Campaign group Stop Funding Hate has repeated its call for the Co-op Group to stop advertising in the Daily Express, Sun and Daily Mail.
In a letter sent on behalf of members to new chief executive Steve Murrells, it asks the co-operative to stop advertising in those publications for their coverage of refugees, immigrants, Muslims and other minorities.
Co-op Food and Co-op Insurance advertise regularly in the Daily Express, which SFH says is “notorious for its relentless campaign against minority groups”.
The letter, signed by 365 members and also addressed to member nominated directors Ruth Spellman, Paul Chandler and Hazel Blears, adds: “By paying these newspapers to put our brand in their pages and on their websites, we are taking the conscious decision to associate ourselves with their content. Our adverts sit alongside divisive stories about immigrants, refugees, Muslims and other groups. These often turn out to be ‘grossly distorted’ or even ‘outright fabrications’ according to the United Nations, which has specifically cited the Sun and the Daily Express in a statement on ‘hate speech’ and ‘extremist media’, and called out the Daily Mail over its ‘unique’ hostility to migrants.
“Advertising in media that promotes fear, division and intolerance is the antithesis of what we should be doing. There simply must be more appropriate advertising channels and brand partnerships for the Co-op to associate with.
“We look forward to hearing more about ‘the Co-op Way’ policy review at this year’s AGM and urge that this opportunity is taken to re-establish the Co-op as a pioneer of ethical business, including by aligning our advertising procurement with our ethics, values and principles.”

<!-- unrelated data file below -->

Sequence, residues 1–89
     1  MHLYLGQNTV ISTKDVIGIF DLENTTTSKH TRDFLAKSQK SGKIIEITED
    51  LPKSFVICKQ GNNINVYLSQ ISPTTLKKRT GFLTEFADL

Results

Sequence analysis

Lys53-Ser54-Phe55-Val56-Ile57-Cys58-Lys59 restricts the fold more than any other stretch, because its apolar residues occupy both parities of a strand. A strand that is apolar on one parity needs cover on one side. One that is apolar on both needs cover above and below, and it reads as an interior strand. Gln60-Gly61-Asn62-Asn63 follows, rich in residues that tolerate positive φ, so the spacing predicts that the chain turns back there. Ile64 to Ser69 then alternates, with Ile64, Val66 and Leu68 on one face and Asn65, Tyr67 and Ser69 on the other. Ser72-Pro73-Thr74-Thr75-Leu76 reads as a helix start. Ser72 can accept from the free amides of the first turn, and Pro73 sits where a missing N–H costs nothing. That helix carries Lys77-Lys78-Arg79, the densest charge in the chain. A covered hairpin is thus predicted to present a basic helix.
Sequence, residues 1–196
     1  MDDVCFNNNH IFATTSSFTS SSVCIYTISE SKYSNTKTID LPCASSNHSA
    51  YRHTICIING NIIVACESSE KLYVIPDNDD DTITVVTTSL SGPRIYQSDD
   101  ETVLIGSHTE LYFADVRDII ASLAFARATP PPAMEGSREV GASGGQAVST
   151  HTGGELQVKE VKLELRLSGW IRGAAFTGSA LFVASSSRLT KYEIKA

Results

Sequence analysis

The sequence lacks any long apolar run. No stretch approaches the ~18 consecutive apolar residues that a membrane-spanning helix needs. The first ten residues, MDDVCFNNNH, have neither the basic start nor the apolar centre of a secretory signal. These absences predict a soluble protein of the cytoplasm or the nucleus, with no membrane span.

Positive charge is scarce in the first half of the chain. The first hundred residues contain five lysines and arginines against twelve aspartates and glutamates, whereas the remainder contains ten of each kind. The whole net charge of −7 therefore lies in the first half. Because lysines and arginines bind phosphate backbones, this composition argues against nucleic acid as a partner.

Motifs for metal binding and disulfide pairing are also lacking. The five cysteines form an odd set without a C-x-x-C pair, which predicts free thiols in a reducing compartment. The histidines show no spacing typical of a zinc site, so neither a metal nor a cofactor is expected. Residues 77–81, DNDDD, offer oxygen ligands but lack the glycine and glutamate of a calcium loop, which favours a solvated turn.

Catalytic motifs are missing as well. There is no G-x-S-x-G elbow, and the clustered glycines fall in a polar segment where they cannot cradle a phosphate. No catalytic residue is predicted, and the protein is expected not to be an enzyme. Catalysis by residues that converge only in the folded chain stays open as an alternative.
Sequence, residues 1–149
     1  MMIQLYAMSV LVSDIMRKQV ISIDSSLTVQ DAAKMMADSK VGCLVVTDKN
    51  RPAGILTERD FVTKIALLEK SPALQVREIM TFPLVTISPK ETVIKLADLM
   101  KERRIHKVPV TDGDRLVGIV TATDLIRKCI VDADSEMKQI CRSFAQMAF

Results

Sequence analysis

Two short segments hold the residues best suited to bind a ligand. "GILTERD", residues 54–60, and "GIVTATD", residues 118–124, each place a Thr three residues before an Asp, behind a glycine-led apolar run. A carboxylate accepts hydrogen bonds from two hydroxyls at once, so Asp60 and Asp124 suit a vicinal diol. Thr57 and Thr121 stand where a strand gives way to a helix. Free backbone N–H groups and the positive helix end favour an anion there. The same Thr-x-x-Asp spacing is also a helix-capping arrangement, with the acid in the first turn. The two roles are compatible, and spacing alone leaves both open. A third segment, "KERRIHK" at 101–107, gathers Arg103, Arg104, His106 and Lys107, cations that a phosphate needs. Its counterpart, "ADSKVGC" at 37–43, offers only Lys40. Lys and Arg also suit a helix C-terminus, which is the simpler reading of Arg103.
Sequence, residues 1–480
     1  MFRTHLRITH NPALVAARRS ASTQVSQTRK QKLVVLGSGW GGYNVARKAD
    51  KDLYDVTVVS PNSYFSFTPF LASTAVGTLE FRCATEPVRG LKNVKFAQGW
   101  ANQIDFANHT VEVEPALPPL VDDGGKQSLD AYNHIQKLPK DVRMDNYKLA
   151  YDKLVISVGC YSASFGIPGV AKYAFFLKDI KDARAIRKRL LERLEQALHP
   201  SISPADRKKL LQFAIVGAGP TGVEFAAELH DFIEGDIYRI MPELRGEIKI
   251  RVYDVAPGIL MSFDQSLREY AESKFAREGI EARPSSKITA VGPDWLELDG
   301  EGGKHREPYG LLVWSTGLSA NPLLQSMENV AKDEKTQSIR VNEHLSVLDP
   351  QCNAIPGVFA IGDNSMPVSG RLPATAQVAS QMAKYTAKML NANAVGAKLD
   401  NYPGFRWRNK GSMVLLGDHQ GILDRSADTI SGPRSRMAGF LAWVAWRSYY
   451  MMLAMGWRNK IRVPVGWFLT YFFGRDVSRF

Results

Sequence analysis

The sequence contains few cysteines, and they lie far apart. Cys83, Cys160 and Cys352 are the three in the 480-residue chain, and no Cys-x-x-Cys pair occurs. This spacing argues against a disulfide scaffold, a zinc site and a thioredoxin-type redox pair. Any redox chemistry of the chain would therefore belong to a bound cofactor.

Richard Wilson, co-founder of Stop Funding Hate, said: “As the Co-op works to rebuild its reputation as one of Britain’s leading ethical retailers, many members will see this as a crucial litmus test.
“Walking away from hate should make sense to an organisation which abides by co-operative values and has a proud legacy of ethical leadership.”
He added: “Everyone understands that the Co-op needs to advertise. But with hate crime on the rise, it is vital that the Co-op acts to ensure that its marketing budget is not fuelling hatred, discrimination and racism.
“The ‘Co-op Way’ review presents an opportunity to show that the Co-op is still living by the values for which it is so well-known.”
When the campaign raised the issue last year, the Group’s then-chief executive Richard Pennycook told campaigners the Group was looking at its advertising policy “to see whether we can align it more closely with our natural sources of support rather than more generic media advertising”.
But he added: “We do need to be cognisant of commercial realities too, in terms of which advertising channels yield the best results.”
Now, in a new response to the campaign, National Members’s Council president Nick Crofts said the Group had raised its concerns with the papers in question and would use its advertising in those papers to spread an ethical message.